Groundwater flow and sampling stations monitoring the chemical composition of excess water from the Krafla and Bjarnarflag Stations
Main results of monitoring on geothermal areas and groundwater in high temperature fields in Mývatn and the Kelduhverfi area between 2012 and 2013:
- Monitoring in 2012 and 2013 showed no extensive changes to geothermal activity when compared with previous years.
- Results on the monitoring of solutes in groundwater between 1997 and 2013 show that water in the springs by Mývatn and in the groundwater to the west of the Námafjall Mountain has not been affected by the geothermal water from the Bjarnarflag or Krafla Stations with regard to the concentration of arsenic and aluminium.
- The concentration of mercury is under or at the detection limit and well within environmental limits at all monitoring stations.
- The concentration of arsenic was below environmental limits at the monitoring stations in Langivogur and Vogaflói in 2012 and 2013.
Concentration of arsenic in groundwater samples by Vogaflóa and Langavogur 1997-2013
The figure shows that arsenic concentration levels are below environmental limits every year.
Effects of geothermal utilisation on groundwater at Bjarnarflag
The inflow at Mývatn is mostly groundwater which flows from all directions until it reaches the lake. The flow is mostly from the southern end and part of the groundwater is heated up by the geothermal system in the Námafjall Mountain, mixing with geothermal water from this source and from Krafla.
Simplified model of the groundwater system at the eastern end of Mývatn. Source: ÍSOR.
Monitoring on the effects of geothermal utilisation in Bjarnarflag has been ongoing in one form or another for over 40 years or since drilling began in 1963. An extensive report was released on the effect of geothermal utilisation at Bjarnarflag on the warm groundwater flow to Mývatn in 2013. The main results were as follows:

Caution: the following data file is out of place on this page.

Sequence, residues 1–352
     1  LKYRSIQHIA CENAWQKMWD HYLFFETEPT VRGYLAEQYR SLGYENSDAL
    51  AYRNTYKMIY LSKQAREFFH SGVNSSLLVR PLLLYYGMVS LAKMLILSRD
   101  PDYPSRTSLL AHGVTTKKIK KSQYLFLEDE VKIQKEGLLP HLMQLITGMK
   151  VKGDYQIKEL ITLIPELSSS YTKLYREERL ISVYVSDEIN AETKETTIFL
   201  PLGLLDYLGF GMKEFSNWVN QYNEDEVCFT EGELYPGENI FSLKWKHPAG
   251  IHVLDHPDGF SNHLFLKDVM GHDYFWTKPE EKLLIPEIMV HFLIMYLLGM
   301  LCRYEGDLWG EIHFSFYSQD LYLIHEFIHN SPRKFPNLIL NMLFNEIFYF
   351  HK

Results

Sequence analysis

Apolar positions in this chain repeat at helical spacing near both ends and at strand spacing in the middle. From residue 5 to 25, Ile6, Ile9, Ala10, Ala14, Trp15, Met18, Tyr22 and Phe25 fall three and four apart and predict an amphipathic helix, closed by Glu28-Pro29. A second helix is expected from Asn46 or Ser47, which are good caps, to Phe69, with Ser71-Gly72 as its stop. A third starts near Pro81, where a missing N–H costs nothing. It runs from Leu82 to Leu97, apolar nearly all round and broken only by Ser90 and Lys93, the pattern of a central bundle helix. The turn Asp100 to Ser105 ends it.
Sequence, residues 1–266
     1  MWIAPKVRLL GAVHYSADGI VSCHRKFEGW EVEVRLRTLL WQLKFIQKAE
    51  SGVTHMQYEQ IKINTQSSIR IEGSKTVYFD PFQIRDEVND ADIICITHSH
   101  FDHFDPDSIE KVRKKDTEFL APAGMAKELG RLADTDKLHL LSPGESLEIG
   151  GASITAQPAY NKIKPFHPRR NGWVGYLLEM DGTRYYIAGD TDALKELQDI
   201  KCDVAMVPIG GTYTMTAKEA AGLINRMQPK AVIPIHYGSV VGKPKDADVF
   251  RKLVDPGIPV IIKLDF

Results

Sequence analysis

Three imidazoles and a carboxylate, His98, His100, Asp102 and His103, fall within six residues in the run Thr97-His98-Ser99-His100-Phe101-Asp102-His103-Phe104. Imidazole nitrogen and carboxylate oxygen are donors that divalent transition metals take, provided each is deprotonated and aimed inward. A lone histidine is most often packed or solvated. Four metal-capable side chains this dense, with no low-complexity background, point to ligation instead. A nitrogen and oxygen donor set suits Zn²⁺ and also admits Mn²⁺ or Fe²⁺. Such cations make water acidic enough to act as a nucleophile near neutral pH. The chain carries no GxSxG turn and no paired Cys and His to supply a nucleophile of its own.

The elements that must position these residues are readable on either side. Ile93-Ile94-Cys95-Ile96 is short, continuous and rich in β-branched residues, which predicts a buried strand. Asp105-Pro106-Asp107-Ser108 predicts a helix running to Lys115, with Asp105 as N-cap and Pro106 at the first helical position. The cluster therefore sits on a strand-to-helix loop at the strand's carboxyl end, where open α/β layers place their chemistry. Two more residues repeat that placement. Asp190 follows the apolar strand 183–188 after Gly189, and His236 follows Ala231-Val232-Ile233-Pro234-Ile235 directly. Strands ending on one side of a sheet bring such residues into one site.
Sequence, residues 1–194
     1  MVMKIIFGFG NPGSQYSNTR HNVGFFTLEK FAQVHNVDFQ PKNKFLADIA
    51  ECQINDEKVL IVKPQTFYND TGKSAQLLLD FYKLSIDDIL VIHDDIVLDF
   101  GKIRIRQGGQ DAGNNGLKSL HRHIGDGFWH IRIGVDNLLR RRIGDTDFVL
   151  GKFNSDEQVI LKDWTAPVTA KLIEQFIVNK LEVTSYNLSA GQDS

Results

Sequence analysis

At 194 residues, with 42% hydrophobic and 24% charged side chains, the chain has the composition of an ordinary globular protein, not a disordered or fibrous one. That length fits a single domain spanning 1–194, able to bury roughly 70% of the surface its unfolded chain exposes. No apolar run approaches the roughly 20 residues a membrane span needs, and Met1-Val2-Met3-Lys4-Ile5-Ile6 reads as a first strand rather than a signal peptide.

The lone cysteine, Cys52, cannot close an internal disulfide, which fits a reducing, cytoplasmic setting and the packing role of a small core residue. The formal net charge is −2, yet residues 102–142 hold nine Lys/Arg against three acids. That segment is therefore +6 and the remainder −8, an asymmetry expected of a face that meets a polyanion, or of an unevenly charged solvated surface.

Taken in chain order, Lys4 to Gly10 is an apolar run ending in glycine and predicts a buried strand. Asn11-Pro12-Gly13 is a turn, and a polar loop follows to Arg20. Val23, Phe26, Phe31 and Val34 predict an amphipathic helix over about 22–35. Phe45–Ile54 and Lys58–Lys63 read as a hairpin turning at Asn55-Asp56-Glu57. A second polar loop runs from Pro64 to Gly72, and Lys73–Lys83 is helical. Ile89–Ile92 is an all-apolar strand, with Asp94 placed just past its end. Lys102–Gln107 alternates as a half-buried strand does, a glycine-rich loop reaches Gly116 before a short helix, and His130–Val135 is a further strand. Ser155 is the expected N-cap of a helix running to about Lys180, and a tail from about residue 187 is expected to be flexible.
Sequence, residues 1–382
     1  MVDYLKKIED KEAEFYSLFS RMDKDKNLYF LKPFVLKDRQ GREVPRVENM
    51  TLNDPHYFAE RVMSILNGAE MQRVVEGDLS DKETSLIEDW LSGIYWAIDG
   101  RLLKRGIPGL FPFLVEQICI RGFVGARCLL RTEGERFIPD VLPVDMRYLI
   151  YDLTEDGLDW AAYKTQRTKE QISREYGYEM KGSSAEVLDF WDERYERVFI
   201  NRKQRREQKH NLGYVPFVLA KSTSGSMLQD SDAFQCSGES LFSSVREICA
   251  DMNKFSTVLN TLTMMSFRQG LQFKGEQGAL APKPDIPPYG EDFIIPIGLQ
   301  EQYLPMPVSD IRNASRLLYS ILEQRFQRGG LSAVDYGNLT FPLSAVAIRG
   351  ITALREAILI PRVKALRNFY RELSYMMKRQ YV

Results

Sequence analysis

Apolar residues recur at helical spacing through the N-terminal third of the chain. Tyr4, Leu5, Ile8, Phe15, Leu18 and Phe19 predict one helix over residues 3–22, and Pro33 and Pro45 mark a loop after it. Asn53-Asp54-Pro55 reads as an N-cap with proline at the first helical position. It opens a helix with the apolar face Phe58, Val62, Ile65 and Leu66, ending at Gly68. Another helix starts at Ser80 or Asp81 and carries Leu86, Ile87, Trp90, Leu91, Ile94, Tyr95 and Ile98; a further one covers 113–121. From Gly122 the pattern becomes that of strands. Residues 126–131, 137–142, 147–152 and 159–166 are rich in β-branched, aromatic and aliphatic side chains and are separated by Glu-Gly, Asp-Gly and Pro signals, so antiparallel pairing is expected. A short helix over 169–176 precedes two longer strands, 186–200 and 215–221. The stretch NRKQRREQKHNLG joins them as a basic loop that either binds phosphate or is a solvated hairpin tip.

- Model calculations show that the warm groundwater flowing to Ytriflói amounts to approximately 11 m3/s, whereas the cold groundwater entering Syðriflói is approx. 17m3/s.
- Extensive changes took place within the groundwater system in Lake Mývatn as a result of volcanic activity and movements in fissure swarms during the Krafla Fires 1975 to 1984 and the Mývatn Fires 1724 to 1729. The temperature of the groundwater increased and the chemistry changed accordingly.
- Based on the chemistry and the isotopic composition of the cold and warm groundwater it is proposed that the warm groundwater is only partly derived by steam heating but mainly derived by mixing with geothermal water from the Krafla geothermal system.
- The percentage of deuterium, chlorine (Cl) and boron (B) in groundwater indicates that geothermal fluid that has mixed with groundwater originates from the Krafla Geothermal System.
Decades of monitoring have not shown any negative effects on Mývatn from current power operations in the area or from the run-off water from the potential power project in Bjarnarflag which will be re-injected.